Kelly Shepherd


Kelly Shepherd has been part of numerous poetry reading events including creative collaborations with other writers, musicians, and visual artists. He has written four poetry chapbooks: The First Metaphor (2014); Fort McMurray Tricksters (2014); if one petal falls (2012); and, the bony world (2010).His writing has been published in The Goose, The Coastal Spectator, and Geist. Originally from Smithers, British Columbia, Kelly currently lives and teaches in Edmonton.





96 pages / paper

Available in the US
World Rights Available


ISBN: 978-1-77187-104-4
List Price: $17.95

Kelly Shepherd

Kelly Shepherd’s poetry is filled with awe and celebration, sadness, and ironic humour as he explores themes of human relationships with the natural world, including connection, alienation, and the negative impacts of human activity on nature; interspecies kinship — ecological as well as animistic and shamanic; and, intersections of ecology and industry.

Shepherd uses numerous voices and perspectives, and such arrangements bring about a variety of moods. Whether his subjects are starlings or tamaracks, woodchucks or grizzly bears, the ever-present magic of nature guides not only the mode but directs each poem’s tone toward some unique perspective:
Some spiders know the correct use of magic
knots to tie a cluster of Oregon grape
into one single dusty purple berry. If a
black bear swallows it under the right moon
he or she will become a powerful shaman,
able to speak the languages of spiders.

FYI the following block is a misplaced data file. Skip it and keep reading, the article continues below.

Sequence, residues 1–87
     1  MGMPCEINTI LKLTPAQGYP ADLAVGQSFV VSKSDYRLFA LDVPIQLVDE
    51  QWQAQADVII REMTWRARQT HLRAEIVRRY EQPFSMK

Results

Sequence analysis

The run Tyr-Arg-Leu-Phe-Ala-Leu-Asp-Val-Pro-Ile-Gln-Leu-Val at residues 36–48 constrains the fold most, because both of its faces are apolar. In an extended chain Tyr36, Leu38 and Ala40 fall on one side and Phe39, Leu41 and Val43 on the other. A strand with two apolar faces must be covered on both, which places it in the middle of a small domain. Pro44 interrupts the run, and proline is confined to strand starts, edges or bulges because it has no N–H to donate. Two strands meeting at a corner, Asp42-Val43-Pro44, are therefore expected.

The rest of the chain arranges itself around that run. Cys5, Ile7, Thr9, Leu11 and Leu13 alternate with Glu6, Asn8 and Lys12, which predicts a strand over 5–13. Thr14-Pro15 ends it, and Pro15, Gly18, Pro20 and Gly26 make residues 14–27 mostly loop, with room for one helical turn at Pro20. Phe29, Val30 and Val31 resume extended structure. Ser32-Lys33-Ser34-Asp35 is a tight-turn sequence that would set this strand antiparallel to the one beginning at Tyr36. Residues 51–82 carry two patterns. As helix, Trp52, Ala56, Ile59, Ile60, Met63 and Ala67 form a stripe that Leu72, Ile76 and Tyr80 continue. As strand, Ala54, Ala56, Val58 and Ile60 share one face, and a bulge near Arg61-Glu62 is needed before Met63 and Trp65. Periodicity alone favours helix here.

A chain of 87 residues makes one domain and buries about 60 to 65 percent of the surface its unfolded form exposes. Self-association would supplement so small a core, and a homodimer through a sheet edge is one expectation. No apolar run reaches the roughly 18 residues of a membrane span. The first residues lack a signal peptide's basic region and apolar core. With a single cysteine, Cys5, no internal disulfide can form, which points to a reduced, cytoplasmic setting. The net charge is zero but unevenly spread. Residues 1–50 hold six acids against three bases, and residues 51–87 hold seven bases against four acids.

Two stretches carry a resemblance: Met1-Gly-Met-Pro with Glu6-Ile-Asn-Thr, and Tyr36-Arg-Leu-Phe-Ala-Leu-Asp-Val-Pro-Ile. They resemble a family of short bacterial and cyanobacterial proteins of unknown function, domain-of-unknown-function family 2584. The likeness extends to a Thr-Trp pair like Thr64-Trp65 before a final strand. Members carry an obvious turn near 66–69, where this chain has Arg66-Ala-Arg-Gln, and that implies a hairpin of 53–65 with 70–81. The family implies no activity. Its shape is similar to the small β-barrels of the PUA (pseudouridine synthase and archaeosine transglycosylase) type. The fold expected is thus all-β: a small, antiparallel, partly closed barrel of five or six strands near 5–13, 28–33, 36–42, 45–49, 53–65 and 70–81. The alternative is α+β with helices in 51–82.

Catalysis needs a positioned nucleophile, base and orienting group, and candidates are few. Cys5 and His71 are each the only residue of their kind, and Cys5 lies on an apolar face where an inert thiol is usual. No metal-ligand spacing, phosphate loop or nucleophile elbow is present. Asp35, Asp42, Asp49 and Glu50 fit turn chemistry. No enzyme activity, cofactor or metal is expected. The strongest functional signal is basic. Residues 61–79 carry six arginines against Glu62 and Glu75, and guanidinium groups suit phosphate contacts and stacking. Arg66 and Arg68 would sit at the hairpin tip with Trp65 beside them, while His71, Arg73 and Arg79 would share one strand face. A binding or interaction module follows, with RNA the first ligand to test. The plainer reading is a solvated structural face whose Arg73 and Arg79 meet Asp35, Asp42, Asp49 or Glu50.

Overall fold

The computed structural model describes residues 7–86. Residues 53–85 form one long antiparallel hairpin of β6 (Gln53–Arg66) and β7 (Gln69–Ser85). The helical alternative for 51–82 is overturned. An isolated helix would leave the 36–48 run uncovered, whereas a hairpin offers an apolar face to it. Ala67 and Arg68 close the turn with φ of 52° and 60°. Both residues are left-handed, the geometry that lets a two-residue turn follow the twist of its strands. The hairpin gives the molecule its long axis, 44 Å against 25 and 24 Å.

But while there is a dominance of the natural world found in the poems, they also reflect the numerous meanings of the title: a shift of perspective or point of view, physically moving or shifting position, transforming or changing form or physical appearance, shifting gears while driving a vehicle, working the night shift. Living and working on the land and bodily experiences of specific places also have their place in Shepherd’s poems. These portraits ensure a kind of visceral connection or memory to the poems as they invite reader comparisons to their own work experiences.

"Shift is exhilarating, and I count it among the best books of poetry I’ve read in the last two or three years.

Shepherd writes with an unusual blend of understated verve and imaginative bravado, and has emerged as a poet more than ready to feel his way beyond what Northrop Frye once called 'the conquest of nature by an intelligence that does not love it.'” — Mark Dickinson, The Fiddlehead

"Accessible, quiet, reflective with the small particulars in place, SHIFT is a book to restore sanity." — Hannah Main - van der Kamp, Pacific Rim Review of Books

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